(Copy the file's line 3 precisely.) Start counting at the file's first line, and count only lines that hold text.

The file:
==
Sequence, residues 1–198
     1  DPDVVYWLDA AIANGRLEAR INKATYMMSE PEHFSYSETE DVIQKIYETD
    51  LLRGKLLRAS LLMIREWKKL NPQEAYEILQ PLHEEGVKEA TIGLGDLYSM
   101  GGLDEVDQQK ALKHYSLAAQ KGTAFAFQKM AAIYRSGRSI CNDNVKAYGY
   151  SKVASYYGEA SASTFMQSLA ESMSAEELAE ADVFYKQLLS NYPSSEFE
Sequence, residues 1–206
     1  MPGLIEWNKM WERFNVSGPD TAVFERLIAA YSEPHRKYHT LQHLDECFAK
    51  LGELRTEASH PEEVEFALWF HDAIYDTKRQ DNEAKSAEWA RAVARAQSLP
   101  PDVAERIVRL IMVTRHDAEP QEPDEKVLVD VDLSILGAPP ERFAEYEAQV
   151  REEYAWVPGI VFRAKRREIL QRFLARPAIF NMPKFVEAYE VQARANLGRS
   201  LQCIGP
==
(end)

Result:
    51  LLRGKLLRAS LLMIREWKKL NPQEAYEILQ PLHEEGVKEA TIGLGDLYSM